Guadeloupe and Martinique are officially French territories, but they are colonized in the truest sense of the word. Recent protests are a result of years of inequities meted out to their majority Black populations.
“The [French] state clearly has the intention to leave Guadeloupe in a morass.” Elie Domota, LKP leadership, 12/3/21
Over the month of November, 2021, a wind of revolt swept across the “overseas territories'' of Guadeloupe and Martinique. If one was to follow the mainstream media, French or otherwise, the discontent was triggered by mandatory vaccination requirements for health workers, restaurant workers and firefighters implemented by the French government on all French territories, including colonies. As a consequence, about 566 workers found themselves suspended from their jobs for refusing to comply. These workers found themselves deprived of their means of subsistence and unable to access benefits to which even unemployed workers are entitled. Moreover, alongside these suspensions, hospital and health services were closed across the territory.
The LKP or Liyannaj Kont Pwotiasyon (the Collective Against Overexploitation) is an organization of about 50 groups fighting: “against the exploitation of the island and against all the injustices that may take place there. It also generally denounces all the residues of colonialism that can take place everywhere in the world, especially on the African continent or in other French islands and overseas territories.” On the 12th of November, the LKP called for a general unlimited strike throughout Guadeloupe to begin on November 15. As the movement began, people took to the street, demonstrating, erecting roadblocks and barricades, and confronting the police, seriously compromising the daily functioning of the Island. As tension increased, police found themselves under attack by various projectiles and even bullets, after some people supposedly broke into an armory. By the 22nd of November, E. Macron, president of France, declared the situation in Guadeloupe “explosive.” By then, six union organizations had called for a general strike in Martinique. On the 21st of November, it was reported that the French interior minister, G. Darmanin, announced that Paris was sending 50 elite police (GIGN and RAID units) to quelch the “violence” on the island. In the last week of November, the tensions steadily increased, with Paris responding with 70 more GIGN and RAID soldiers on the 29th. At the same time, union activism started to spread to other territories of French Guyana and Polynesia.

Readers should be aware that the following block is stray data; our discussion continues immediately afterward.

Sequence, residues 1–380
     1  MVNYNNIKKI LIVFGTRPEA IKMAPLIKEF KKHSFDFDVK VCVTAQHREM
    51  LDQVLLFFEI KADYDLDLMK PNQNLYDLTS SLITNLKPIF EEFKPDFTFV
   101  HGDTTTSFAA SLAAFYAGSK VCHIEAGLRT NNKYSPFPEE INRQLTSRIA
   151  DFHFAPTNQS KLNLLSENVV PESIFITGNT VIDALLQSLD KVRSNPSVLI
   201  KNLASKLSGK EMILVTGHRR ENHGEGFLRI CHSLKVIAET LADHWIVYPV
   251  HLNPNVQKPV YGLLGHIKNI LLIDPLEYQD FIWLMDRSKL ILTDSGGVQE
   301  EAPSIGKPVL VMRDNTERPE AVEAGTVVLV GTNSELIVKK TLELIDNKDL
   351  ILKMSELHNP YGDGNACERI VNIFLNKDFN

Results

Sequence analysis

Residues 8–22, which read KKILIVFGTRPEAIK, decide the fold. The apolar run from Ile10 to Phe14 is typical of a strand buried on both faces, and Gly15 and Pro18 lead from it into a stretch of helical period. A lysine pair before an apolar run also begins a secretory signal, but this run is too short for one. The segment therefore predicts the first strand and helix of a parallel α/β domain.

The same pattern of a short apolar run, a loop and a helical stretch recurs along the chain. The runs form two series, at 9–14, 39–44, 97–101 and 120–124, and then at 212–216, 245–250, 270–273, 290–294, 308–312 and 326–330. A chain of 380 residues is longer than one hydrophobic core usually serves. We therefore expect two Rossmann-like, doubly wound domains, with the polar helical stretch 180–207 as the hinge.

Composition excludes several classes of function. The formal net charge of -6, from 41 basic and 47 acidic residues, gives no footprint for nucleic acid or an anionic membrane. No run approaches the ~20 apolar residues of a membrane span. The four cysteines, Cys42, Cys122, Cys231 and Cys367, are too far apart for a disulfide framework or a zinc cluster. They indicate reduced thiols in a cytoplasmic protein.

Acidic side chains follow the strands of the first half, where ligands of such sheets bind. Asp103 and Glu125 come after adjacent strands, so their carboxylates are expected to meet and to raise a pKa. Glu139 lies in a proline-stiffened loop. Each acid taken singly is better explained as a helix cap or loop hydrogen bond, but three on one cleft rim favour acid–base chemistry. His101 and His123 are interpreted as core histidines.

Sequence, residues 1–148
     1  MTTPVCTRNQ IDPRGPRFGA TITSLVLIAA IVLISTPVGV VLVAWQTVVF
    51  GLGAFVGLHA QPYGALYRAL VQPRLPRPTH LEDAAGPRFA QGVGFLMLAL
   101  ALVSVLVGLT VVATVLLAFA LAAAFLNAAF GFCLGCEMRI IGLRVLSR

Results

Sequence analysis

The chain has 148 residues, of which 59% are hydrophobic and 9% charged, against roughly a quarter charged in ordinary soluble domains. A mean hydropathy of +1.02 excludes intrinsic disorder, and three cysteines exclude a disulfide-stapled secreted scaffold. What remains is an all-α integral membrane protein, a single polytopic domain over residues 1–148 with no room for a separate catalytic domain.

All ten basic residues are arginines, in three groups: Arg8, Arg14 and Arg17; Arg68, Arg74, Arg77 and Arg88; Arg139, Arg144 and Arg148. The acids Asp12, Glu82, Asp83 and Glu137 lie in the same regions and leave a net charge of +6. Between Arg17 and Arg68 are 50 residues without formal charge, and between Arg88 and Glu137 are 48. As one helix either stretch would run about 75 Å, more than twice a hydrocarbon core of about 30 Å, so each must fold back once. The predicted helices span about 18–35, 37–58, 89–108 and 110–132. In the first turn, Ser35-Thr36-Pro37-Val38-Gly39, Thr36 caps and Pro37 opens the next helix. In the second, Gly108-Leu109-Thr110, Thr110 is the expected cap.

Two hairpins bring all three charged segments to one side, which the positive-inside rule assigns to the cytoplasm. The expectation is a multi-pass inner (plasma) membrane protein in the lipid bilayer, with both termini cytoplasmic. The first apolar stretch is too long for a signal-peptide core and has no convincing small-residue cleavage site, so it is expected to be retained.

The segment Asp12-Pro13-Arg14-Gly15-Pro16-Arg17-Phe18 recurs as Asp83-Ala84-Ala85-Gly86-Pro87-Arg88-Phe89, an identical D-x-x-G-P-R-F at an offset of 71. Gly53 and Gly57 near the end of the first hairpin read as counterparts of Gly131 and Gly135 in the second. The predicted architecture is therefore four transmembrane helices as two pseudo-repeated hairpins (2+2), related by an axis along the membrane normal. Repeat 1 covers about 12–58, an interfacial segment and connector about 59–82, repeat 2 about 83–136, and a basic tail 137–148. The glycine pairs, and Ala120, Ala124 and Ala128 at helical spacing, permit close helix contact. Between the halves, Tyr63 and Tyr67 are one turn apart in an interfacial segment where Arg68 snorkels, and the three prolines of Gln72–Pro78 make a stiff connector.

As usual, the call for “order” prevailed over the demands of the LKP, and the French government, as it has always done when confronted with popular will, demanded a restoration of order before any dialogue could occur. As everywhere else, reports of crimes, looting, endangerment to police officers became the main issues from the perspective of the French authorities and their media. Eventually, The French government conceded to postponing the mandatory vaccination to the 31st of December. As S. Lecornu, the minister to overseas territories, later visited the Island, his positions both failed and surprised many. Indeed, while trying to divide the collectives from Guadeloupe from those of Martinique, demanding that the LKP condemn the so-called violence, the French minister introduced the idea of a different status for the Island and alluded to a possible “autonomy.”